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The Drunkard's Walk: How Randomness Rules Our Lives
 
 

The Drunkard's Walk: How Randomness Rules Our Lives [Kindle Edition]

Leonard Mlodinow
5.0 von 5 Sternen  Alle Rezensionen anzeigen (4 Kundenrezensionen)

Kindle-Preis: EUR 8,56 Inkl. MwSt. und kostenloser drahtloser Lieferung über Amazon Whispernet

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Amazon-Preis Neu ab Gebraucht ab
Kindle Edition EUR 7,58  
Kindle Edition, 13. Mai 2008 EUR 8,56  
Gebundene Ausgabe EUR 16,59  
Taschenbuch EUR 11,10  
Audio CD, Audiobook, Ungekürzte Ausgabe EUR 29,99  


Produktbeschreibungen

Amazon.de

Amazon Guest Review: Stephen Hawking
Published in 1988, Stephen Hawking’s A Brief History of Time became perhaps one of the unlikeliest bestsellers in history: a not-so-dumbed-down exploration of physics and the universe that occupied the London Sunday Times bestseller list for 237 weeks. Later successes include 1995’s A Briefer History of Time, The Universe in a Nutshell, and God Created the Integers: The Mathematical Breakthroughs that Changed History. Stephen Hawking is Lucasian Professor of Mathematics at the University of Cambridge.

In The Drunkard’s Walk Leonard Mlodinow provides readers with a wonderfully readable guide to how the mathematical laws of randomness affect our lives. With insight he shows how the hallmarks of chance are apparent in the course of events all around us. The understanding of randomness has brought about profound changes in the way we view our surroundings, and our universe. I am pleased that Leonard has skillfully explained this important branch of mathematics. --Stephen Hawking


Amazon.com

Amazon Guest Review: Stephen Hawking
Published in 1988, Stephen Hawking’s A Brief History of Time became perhaps one of the unlikeliest bestsellers in history: a not-so-dumbed-down exploration of physics and the universe that occupied the London Sunday Times bestseller list for 237 weeks. Later successes include 1995’s A Briefer History of Time, The Universe in a Nutshell, and God Created the Integers: The Mathematical Breakthroughs that Changed History. Stephen Hawking is Lucasian Professor of Mathematics at the University of Cambridge.

In The Drunkard’s Walk Leonard Mlodinow provides readers with a wonderfully readable guide to how the mathematical laws of randomness affect our lives. With insight he shows how the hallmarks of chance are apparent in the course of events all around us. The understanding of randomness has brought about profound changes in the way we view our surroundings, and our universe. I am pleased that Leonard has skillfully explained this important branch of mathematics. --Stephen Hawking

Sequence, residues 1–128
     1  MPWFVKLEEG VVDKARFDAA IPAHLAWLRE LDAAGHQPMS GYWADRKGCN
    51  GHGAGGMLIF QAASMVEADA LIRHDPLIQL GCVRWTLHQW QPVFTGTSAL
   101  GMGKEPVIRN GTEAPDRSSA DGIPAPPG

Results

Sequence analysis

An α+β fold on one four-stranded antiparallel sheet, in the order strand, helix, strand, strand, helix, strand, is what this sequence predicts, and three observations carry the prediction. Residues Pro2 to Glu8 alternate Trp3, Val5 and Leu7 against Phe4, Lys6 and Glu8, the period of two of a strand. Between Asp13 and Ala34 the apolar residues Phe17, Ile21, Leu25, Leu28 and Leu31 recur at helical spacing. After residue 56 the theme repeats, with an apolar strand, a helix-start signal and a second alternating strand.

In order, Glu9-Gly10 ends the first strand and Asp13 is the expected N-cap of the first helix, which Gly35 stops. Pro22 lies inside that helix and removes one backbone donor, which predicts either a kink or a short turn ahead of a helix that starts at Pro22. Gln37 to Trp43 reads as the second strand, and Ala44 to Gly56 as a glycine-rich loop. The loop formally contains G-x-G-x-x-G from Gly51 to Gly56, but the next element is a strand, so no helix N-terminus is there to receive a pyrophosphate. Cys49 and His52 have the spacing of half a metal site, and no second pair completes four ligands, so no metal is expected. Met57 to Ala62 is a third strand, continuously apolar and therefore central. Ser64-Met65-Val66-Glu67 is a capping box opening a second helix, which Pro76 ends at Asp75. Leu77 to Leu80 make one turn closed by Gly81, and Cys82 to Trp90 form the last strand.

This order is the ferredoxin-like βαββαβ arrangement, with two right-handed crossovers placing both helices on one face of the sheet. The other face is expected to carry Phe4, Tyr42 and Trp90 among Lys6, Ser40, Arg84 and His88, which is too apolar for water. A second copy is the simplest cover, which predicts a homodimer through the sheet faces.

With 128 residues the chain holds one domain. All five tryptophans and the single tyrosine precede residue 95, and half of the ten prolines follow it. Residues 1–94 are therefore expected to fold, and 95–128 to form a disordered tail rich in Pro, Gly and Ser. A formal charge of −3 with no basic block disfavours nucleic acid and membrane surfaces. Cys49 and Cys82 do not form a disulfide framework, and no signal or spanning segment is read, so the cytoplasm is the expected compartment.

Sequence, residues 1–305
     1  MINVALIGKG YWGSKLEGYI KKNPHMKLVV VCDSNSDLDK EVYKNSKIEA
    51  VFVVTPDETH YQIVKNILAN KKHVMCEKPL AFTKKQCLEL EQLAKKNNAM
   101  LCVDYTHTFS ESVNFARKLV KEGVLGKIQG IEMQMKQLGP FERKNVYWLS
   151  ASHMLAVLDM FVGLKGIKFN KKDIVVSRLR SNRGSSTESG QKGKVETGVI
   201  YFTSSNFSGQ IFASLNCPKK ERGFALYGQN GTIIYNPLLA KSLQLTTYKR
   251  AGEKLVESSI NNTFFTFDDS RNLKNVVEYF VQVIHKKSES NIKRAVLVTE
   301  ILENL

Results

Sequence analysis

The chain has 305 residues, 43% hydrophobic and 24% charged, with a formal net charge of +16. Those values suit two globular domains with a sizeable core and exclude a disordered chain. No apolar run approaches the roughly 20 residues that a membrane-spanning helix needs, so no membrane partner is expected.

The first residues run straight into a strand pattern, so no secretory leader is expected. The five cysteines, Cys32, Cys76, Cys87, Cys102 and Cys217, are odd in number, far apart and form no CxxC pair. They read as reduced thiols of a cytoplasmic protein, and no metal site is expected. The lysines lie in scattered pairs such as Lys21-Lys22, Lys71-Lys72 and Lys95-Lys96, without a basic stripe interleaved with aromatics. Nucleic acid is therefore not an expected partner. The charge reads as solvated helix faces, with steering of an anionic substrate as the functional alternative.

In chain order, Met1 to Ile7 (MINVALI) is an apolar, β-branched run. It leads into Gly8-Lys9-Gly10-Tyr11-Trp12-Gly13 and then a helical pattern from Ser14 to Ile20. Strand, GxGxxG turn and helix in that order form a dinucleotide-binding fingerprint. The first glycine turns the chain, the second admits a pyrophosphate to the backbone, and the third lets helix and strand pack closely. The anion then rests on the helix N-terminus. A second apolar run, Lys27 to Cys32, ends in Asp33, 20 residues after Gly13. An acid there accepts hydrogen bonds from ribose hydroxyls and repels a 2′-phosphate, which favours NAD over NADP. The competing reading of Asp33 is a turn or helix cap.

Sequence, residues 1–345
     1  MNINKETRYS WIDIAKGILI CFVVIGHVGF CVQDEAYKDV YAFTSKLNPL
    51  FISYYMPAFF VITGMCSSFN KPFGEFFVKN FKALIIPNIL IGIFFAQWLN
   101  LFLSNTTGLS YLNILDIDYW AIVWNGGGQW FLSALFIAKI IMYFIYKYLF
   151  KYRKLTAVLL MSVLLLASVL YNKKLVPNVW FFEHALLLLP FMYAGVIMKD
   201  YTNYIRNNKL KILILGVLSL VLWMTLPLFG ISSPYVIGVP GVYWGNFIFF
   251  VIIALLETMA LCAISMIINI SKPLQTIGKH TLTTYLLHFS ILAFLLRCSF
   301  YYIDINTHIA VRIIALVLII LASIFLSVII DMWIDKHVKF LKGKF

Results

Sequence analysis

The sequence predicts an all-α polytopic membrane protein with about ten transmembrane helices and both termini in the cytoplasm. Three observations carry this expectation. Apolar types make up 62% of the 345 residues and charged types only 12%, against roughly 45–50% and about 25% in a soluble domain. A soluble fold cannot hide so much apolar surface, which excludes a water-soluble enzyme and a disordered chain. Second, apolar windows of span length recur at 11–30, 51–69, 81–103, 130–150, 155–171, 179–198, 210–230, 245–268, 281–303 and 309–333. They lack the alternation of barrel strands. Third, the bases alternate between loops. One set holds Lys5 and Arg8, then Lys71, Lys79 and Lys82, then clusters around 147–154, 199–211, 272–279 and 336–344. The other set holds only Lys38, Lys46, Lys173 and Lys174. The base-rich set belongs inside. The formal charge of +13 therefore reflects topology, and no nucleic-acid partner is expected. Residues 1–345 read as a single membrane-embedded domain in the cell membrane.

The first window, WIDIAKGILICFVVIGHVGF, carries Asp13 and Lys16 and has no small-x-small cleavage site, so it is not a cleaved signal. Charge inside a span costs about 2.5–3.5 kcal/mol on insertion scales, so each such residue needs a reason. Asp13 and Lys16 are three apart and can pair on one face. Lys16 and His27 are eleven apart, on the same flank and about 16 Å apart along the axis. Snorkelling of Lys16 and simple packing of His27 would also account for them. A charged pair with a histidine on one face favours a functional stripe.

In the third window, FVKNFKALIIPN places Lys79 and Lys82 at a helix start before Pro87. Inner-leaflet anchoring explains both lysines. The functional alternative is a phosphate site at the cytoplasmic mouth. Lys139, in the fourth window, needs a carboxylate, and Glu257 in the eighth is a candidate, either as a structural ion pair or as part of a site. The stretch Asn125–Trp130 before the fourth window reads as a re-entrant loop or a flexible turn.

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5.0 von 5 Sternen
5.0 von 5 Sternen
Die hilfreichsten Kundenrezensionen
4 von 4 Kunden fanden die folgende Rezension hilfreich
5.0 von 5 Sternen Randomness Unriddled for Everyone. 18. Januar 2009
Format:Gebundene Ausgabe
Leonard Mlodinow wrote an easy to read guide to influences of chance in our everyday life and shows how to benefit and how to evade unnecessary misfortunes.

The author explains all the necessary theoretical groundwork of stochastics and statistics 101 in a simple manner without employing any formulas. The latter makes the book accessible to anyone who is not too inclined towards mathematics, but slows reading for those knowledgeable in the field. Furthermore, he introduces the propositions in their historical context, thereby giving a catchy overview of the people and places involved.

The examples he has picked are from a wide range of everyday situations, e.g., baseball, box-office performance, cancer in the vicinity of nuclear power plants, casino gambling, crime scenes, executive performance, gender guessing of twins, lotteries, medical diagnoses, Pearl Harbor, wine tastings, etc. These vivid illustrations raise the awareness of the random impacts in the reader's surroundings - influences that Mlodinow shows are generally under- or overestimated beacuse the human intuition is incapable of truly conceiving randomness.

After reading this book you will have learnt three things:
1. Theory to do all sorts of calculations of randomness